When your device is locked by Ransomware there is a ransom message displayed asking you to make a payment in order to recover access to your device, but there is no guarantee that you will regain access.
Create regular backups of your most important files (such as photographs and documents) to a secure and separate location to help keep your data safe. If you choose to backup your data to a USB memory stick or external hard drive, ensure the device is disconnected after the backup has finished to reduce the risk of malicious software spreading to your copy.

If you receive a phone call 📞offering to clean up your computer, this is a common scam. Hang up the call immediately, do not give the caller your personal information ✋

Always be aware when receiving messages out of the blue. Do not click on web links or attachments in messages, or use any contact details contained within them. Verify using your own trusted method

For further advice on Ransomware and creating backups of your data, see the National Cyber Security Centre (NCSC) UK government website.

ACCOUNT SCHEDULE FOR CLOSING! Received from one of our U3A members. Four emails in one day!
Dear user ID (email address follows)
Request to disable your email has been received, and this request will be processed shortly. if you fail to upgrade to our new latest version within 24 hrs of receiving this automated mail. Please kindly take a minute and click the upgrade at your left to upgrade your E-mail..... Note: This upgrade is required immediately after receiving this message......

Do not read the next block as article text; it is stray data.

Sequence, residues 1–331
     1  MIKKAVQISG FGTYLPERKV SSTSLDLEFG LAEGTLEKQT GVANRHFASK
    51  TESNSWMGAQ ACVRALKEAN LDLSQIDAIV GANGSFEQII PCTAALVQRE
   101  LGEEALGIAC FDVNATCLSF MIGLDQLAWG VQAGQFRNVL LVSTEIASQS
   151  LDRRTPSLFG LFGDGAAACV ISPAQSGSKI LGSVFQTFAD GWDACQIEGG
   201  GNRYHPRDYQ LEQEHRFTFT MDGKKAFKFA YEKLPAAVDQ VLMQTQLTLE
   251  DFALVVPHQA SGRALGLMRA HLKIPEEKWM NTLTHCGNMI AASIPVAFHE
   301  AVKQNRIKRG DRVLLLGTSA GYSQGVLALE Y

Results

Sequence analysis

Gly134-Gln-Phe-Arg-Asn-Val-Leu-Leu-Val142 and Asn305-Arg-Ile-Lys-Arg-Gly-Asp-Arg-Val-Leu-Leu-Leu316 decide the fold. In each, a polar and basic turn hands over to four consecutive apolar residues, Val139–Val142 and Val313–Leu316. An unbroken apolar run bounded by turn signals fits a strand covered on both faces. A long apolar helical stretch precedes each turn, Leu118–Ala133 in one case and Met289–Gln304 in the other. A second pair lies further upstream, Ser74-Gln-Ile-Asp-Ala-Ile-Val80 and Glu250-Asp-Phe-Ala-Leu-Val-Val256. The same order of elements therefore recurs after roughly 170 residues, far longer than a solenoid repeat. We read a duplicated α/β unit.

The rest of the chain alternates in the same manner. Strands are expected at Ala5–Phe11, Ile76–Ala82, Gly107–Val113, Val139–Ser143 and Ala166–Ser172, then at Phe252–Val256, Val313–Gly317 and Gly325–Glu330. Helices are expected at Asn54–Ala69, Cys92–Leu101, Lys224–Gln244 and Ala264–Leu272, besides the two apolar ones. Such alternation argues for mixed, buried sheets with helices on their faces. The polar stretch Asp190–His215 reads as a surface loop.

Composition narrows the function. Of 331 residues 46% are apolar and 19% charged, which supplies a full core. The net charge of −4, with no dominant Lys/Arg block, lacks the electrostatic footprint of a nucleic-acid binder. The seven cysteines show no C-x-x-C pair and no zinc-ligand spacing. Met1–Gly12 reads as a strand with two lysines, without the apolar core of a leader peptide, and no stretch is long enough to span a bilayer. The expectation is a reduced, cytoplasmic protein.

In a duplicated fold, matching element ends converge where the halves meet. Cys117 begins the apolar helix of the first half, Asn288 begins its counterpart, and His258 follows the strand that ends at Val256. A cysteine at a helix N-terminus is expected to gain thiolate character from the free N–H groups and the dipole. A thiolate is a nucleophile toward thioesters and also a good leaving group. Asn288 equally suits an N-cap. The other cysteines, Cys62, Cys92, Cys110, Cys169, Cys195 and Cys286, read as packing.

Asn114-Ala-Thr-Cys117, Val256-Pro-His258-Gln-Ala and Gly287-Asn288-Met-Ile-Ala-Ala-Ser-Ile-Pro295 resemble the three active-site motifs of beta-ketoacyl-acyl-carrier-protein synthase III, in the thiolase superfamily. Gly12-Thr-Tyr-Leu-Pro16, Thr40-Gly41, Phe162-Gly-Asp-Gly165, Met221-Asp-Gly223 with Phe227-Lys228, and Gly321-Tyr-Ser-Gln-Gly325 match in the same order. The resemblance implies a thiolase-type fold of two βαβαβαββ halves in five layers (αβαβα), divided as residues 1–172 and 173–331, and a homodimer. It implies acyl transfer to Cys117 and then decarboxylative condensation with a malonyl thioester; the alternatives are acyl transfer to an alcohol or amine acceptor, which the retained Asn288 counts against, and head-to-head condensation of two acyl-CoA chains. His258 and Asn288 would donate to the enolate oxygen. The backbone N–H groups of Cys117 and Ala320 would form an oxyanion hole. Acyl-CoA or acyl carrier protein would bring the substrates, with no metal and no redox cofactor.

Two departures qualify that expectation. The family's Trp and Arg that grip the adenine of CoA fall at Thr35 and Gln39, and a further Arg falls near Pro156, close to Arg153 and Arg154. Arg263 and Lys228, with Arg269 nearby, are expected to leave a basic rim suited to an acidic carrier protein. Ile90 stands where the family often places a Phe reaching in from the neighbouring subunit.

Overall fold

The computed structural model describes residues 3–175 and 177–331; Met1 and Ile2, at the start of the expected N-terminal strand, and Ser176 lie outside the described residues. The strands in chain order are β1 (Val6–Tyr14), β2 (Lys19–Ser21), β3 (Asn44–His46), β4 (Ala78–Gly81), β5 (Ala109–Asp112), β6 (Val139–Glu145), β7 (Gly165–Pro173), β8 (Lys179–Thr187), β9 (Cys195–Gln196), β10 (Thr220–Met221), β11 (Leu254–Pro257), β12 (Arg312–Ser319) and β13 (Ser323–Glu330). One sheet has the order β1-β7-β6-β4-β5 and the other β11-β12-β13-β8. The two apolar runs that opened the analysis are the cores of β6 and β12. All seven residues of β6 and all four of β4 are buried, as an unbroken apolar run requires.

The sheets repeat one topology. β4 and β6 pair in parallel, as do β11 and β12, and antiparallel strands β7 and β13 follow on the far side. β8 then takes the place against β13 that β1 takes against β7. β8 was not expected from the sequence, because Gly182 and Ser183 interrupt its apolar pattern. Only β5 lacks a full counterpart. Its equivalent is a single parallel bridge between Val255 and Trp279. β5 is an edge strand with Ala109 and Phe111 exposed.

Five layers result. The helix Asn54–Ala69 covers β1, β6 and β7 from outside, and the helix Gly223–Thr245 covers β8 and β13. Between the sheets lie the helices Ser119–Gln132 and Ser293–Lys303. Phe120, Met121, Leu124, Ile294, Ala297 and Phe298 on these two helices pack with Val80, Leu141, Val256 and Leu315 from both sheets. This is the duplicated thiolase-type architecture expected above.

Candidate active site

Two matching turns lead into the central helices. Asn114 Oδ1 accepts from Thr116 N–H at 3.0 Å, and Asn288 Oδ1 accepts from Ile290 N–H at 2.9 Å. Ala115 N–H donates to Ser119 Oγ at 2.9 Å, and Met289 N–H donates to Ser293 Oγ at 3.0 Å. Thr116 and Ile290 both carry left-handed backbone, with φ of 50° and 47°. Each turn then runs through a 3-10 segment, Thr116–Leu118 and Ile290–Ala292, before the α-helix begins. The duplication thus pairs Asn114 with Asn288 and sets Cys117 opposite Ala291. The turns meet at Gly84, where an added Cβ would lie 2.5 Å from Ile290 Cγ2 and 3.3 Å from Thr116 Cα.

Thanks .
Your Maintenance team. © Microsoft 2020.

This was followed by:
Dear user ID
We notice you have been ignoring the Microsoft updating, and security email that we have been sending to you. if you still want to maintain and keep your account secure kindly check you junk folder or spam folder for Microsoft verification link that will be sent you shortly ....
Thanks .
Your Maintenance team, © Microsoft 2020.

The Fake ‘SKY TV’ Scam
Householders are being contacted by phone with a pre-recorded message. The scam initially succeeds by getting the recipient to ‘press 1 to speak to an operator’. DON'T DO THIS- JUST DISCONNECT. If you press '1' you will be connected to a fake SKY TV agent who offers deals in exchange for the caller’s personal and financial details. This operator may also try to persuade the resident into download software to their device (usually named Team Viewer) which will then give the criminal full access.
This is also used for fake Visa, Amazon Prime and HMRC tax refund messages.

From another Member - this is a very abbreviated version
Hey I know your Password Your PC has been infected by my Malware RAT and I now have full control over your PC and all your accounts and passwords.
You have to pay $900 for me to remove this.
I will give you two days to transfer this cash.

From another member: Supposedly from HMRC
Phone call 1: This is to inform you that HMRC is filing a lawsuit against you. Press 1 to speak to a case officer.

Phone Call 2: This call is to inform you that there is a serious lawsuit filed against your name. The issue at hand is very time sensitive. The very second you receive this call you must phone me back on this number ......... .